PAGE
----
• Utilise as many modes of transport as possible. While I’ll largely be relying on planes, several train trips, the odd bus ride and even a boat trip are also on the agenda.
  • Visit every state and territory in Australia. Local business travel might be dominated by Sydney-Melbourne hops, but if I’m going to be on the move, I figure I should cover the whole country.
  • Save money wherever possible. I’ve booked hotels that are affordable (but still central — at no stage will I be renting a car), and it’s all been done in advance for maximum savings. Whenever I can, I’ll use public transport or a shuttle service to get to and from airports or other transport facilities. And I won’t be paying for any hotel dry-cleaning services.

I set off this Friday May 1 (first stop: Adelaide), and I’ll be posting regularly on Lifehacker about what works, what doesn’t and whether all the planning has paid off (look for the ‘hand luggage only’ tag or get an easy fix from www.handluggageonly.net. There’ll also be some blow-by-blow commentary on my personal Twitter account (@gusworldau) Got any initial advice or suggestions? Share them in the comments.

Lifehacker Australia editor Angus Kidman suspects that the laundry is where it will all go wrong. His Road Worrier column, looking at technology and organising tips for travellers, appears each week on Lifehacker.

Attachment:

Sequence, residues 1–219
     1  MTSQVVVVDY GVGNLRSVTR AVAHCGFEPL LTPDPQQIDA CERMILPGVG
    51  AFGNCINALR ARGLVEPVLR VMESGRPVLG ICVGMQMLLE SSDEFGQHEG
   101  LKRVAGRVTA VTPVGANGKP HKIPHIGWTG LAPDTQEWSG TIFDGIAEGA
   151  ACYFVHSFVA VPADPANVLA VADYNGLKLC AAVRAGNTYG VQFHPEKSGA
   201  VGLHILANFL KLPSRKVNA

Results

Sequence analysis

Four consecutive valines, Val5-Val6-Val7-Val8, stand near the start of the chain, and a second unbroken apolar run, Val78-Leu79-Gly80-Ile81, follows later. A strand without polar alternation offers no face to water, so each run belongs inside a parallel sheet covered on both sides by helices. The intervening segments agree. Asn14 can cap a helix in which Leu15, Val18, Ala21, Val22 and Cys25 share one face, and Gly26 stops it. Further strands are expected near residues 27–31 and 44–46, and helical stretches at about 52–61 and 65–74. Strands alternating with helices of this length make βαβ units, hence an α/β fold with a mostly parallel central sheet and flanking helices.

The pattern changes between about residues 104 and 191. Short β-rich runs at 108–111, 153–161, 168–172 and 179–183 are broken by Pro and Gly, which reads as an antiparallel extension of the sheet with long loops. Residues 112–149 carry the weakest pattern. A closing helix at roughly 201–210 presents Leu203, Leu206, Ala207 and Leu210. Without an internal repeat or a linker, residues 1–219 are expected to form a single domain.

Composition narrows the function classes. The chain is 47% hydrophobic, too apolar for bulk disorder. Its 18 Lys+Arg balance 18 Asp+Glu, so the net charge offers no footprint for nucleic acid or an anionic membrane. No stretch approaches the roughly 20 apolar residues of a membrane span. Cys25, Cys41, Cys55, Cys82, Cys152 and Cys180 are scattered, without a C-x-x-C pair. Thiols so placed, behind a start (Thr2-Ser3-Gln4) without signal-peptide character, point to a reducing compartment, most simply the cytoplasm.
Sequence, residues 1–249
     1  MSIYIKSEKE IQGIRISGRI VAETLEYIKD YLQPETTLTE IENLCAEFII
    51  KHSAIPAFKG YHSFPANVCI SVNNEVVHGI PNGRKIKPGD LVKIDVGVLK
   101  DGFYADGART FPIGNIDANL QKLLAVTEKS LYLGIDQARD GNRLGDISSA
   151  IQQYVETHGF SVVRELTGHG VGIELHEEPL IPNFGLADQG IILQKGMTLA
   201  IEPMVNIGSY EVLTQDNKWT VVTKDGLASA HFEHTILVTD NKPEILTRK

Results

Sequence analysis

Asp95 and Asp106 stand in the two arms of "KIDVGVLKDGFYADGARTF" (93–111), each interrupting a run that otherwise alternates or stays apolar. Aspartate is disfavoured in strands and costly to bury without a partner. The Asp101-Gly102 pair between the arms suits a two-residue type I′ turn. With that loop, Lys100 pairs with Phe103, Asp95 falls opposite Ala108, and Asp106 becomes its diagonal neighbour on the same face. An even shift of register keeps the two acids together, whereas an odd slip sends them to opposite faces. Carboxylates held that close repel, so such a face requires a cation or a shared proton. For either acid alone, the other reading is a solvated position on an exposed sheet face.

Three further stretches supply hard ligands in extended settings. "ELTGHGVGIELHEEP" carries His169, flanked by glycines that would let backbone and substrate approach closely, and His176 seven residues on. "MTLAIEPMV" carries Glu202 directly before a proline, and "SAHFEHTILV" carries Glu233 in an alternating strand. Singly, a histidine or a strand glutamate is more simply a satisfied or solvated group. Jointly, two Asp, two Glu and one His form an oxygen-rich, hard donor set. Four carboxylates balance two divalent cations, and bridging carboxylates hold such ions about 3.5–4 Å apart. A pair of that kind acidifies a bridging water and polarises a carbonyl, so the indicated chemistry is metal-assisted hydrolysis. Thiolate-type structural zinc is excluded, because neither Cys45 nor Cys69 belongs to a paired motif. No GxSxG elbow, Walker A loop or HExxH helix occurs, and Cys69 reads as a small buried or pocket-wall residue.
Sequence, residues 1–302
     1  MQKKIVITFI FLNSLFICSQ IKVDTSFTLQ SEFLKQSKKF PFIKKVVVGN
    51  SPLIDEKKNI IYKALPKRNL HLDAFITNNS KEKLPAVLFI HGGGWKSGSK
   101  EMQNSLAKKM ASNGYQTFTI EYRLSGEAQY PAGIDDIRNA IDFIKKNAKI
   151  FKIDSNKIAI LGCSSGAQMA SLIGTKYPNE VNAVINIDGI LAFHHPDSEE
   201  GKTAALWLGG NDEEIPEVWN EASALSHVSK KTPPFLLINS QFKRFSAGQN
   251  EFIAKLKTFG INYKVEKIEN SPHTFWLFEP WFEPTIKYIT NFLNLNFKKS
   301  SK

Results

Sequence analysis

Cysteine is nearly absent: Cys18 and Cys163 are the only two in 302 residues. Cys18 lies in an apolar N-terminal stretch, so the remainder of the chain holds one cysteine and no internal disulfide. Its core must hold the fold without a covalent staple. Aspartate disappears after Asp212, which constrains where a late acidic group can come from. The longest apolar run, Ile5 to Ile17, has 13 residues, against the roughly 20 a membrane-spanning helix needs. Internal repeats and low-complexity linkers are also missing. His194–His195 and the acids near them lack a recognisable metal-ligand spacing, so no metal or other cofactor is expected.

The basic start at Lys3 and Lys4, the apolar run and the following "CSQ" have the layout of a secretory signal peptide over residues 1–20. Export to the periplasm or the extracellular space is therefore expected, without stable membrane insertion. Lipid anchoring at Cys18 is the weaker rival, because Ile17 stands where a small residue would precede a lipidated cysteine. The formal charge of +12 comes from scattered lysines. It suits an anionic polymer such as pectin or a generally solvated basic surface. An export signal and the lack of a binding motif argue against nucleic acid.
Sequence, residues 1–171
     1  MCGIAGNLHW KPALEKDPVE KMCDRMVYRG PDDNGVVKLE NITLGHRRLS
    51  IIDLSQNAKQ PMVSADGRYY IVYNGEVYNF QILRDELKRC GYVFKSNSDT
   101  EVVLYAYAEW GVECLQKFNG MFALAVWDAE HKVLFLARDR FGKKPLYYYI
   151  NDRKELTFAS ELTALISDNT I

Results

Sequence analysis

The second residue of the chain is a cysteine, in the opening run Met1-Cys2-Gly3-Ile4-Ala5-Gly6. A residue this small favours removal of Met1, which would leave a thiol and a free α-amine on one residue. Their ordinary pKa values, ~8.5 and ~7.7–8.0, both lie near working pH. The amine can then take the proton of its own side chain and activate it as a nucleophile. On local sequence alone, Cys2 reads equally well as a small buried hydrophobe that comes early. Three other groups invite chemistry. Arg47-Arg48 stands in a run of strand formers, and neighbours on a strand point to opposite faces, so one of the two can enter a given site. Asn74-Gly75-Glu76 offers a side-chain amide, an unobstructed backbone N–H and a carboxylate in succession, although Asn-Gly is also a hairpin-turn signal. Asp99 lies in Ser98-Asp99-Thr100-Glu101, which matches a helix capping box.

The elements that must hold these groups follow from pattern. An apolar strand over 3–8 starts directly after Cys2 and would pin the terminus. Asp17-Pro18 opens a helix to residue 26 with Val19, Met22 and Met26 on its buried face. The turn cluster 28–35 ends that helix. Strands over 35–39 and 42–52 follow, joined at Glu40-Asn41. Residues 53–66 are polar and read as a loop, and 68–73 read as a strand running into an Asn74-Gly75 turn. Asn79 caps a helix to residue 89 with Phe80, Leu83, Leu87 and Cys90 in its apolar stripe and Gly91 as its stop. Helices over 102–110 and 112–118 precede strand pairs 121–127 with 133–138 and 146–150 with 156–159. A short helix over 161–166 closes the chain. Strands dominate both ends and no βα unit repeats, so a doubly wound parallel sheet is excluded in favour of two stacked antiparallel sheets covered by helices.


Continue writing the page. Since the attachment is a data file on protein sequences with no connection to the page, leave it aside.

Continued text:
• I was recently pinged in Darwin by Qantas for having a single carry on bag (included laptop and two days worth of clothing) that weighed over 7kgs. I was requested to remove items from it and check it in as hold luggage. I suspect that it was more to do with the late hour out than anything else as I saw numerous people with hand luggage that was either large and or looked like it probably had more than 7kg in it.

  • Since the outlawing of smoking in venues, I wash my jeans about 10-12 times per year. Your comfort with a short-rotation of clothes helps your challenge incredibly.

    I don’t think many female readers will find this of much use, but I’m looking forward to the updates.

    I’d probably be craving a new t-shirt after a month of the same two, but like you Angus, I think I could survive. Good luck!

  • Sounds interesting, I will be following it.